Mutitjulu Waterhole discovering Ayers Rock’s hidden gems

Mutitjulu Waterhole discovering Ayers Rock’s hidden gems

Written by: Cameron Ward

Published: 09/01/2016

Reading time: 3 mins

Uluru may be in a vast desert, but there are secret waterholes waiting for you to visit!

Australia has many iconic sights and locations that make it one of the world’s most fascinating countries. From the Great Barrier Reef to Kangaroo Island, Australia is full of famous destinations, but none quite like our favourite. Uluru is one of the most overwhelming destinations in the world. And we mean overwhelming in the best way possible. Its rich, rust-coloured surface emits a powerful glow in the light of the sun that can be seen for miles.

Ayers Rock is one of the largest rocks on Earth, towering above the dusty landscape around it. This majestic rock rises 348m up and has a total circumference of 9.4km. It can be found in the Uluru-Kata Tjuta National Park in Northern Territory and has a rich history.

Uluru’s name is in the local Indigenous language, Pitjantjatjara, spoken by the Anangu. Their connection to the land surrounding Uluru, and Uluru itself, is deep. Uluru is a sacred site, and plays an important role in the Tjukurpa, which underpins Anangu culture.

There is plenty to see and do around Uluru. Whichever walking trail you choose the massive formation will blow you away. Alternatively, head to one of the viewing areas to see the monolith in its entirety.


Many people see the rock as a large, red sandstone boulder that stands magnificently above the arid landscape that surrounds it. What many people don’t realise is that the rock is actually surrounded by several waterholes. These waterholes have provided life-giving water to plants, animals and Indigenous people for thousands of years. Among these watering holes, the Mutitjulu Waterhole can be found. This is possibly the most interesting of all these oases because of its significance to Anangu people and its captivating beauty.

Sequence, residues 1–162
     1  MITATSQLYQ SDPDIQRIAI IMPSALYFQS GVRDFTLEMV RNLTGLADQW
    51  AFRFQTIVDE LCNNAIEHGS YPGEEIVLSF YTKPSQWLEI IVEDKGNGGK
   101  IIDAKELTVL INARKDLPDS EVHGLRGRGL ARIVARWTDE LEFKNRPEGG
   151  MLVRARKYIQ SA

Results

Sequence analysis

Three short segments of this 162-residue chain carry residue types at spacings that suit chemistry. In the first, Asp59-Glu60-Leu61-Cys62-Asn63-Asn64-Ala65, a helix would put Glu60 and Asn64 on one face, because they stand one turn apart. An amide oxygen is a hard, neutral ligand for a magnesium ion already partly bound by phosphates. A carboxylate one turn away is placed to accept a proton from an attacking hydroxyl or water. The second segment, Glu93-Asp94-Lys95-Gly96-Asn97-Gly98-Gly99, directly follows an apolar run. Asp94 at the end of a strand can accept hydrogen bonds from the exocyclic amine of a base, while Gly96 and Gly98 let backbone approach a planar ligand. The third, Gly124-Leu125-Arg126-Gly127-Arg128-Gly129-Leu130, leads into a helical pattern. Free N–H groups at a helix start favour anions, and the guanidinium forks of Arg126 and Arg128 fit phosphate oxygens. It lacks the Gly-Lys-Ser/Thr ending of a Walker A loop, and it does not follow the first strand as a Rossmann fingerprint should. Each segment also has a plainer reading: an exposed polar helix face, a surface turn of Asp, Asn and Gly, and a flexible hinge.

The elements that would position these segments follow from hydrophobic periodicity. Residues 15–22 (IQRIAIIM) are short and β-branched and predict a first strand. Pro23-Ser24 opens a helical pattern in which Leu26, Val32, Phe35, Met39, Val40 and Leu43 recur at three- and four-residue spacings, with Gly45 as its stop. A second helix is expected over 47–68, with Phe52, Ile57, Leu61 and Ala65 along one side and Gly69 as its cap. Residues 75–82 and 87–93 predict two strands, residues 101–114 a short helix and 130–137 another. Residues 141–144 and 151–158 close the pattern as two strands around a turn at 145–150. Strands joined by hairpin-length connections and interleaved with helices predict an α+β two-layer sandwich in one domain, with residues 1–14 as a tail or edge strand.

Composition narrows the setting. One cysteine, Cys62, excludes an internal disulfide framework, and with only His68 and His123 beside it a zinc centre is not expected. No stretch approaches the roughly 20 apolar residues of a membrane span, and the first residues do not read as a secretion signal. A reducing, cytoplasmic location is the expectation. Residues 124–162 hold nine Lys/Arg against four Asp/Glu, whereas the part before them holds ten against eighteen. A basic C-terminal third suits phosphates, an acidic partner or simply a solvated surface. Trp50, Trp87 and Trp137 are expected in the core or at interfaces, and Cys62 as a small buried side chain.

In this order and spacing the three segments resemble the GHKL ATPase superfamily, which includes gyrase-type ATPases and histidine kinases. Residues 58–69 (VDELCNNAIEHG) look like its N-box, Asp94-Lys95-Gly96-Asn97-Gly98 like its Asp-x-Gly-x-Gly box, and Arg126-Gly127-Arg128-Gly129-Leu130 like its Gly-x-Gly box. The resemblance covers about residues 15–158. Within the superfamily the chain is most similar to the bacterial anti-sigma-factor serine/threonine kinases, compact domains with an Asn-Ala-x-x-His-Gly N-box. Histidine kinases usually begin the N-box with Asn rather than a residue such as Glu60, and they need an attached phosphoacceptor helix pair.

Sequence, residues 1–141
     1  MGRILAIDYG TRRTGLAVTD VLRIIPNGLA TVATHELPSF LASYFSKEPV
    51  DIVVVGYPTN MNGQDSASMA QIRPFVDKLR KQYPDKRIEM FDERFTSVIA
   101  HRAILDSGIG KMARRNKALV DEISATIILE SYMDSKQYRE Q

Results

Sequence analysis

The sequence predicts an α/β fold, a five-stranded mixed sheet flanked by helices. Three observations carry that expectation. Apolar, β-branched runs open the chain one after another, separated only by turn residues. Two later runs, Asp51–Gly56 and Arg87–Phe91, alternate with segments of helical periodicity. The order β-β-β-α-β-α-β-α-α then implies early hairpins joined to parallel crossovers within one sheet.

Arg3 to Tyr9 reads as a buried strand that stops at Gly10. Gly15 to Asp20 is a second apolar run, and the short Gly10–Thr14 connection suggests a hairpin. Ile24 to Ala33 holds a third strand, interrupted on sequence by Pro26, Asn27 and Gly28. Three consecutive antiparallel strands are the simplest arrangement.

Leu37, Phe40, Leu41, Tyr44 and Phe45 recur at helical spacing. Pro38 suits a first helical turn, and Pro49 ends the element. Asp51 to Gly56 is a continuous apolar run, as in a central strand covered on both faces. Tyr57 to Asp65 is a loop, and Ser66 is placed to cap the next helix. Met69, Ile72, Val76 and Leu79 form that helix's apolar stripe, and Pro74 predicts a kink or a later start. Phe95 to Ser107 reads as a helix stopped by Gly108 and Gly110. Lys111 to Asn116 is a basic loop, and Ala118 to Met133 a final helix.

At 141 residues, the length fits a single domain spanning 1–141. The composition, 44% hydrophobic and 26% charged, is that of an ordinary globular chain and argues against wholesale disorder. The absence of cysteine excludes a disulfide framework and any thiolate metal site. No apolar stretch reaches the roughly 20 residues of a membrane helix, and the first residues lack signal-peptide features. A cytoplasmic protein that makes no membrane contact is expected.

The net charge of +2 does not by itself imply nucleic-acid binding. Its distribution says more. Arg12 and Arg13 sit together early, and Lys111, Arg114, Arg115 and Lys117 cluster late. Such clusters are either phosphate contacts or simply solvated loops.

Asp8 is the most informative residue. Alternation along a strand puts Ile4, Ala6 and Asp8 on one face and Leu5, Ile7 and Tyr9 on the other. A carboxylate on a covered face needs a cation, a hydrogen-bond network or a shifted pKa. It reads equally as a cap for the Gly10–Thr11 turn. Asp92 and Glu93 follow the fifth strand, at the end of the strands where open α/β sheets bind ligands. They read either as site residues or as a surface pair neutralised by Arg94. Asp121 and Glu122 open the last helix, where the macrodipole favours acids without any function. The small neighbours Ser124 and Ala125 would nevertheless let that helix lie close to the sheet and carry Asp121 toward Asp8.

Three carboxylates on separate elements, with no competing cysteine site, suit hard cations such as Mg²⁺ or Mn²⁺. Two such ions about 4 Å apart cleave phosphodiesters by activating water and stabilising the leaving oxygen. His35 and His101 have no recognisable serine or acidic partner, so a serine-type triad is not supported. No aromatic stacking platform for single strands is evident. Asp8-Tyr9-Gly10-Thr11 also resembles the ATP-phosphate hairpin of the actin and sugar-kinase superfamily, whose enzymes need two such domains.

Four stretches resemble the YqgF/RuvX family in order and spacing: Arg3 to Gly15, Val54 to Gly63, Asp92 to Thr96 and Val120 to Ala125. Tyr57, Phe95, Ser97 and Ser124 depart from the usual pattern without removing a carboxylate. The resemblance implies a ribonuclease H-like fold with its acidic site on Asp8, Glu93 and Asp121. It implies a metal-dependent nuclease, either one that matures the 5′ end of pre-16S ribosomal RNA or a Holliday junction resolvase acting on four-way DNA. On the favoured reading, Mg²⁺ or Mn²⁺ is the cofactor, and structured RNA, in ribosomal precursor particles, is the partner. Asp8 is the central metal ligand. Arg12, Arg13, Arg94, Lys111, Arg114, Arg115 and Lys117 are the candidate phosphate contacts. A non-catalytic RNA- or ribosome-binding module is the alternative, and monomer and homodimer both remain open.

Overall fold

The Mutitjulu Waterhole lies at the foot of the breathtaking folds of Uluru, and has a pool so calm and still that it looks like glass. The water surface clearly reflects the monumental sandstone walls behind it. From a small viewing area along a boardwalk you will be able to view this jaw-dropping scene. If you arrive early enough, the surroundings will be bathed in a red glow as the sun rises. The reflections create a picturesque display like no other.

The waterhole also hosts a series of rock paintings. They depict Indigenous stories and history, and reflect importance of this area to the Anangu People.

There is nowhere on earth quite like the Uluru-Kata Tjuta National Park, with its mesmerising scenery and incredible wildlife. The Mutitijulu Waterhole offers no shortage of spectacular photographic opportunities, perfect for your collection of memories.

Cameron Ward
Cameron Ward
Managing Director at Sightseeing Tours Australia

Cameron Ward turned his travel passion into a thriving Australian tourism business. Before he co-founded his own business, Sightseeing Tours Australia, he was enjoying being a Melbourne tour guide. Even now, Cameron delights in helping visitors from all around the world get the most out of their incredible Australian trip. You’ll see Cameron leading tours or writing about his favourite Australian places where he shares his local insights.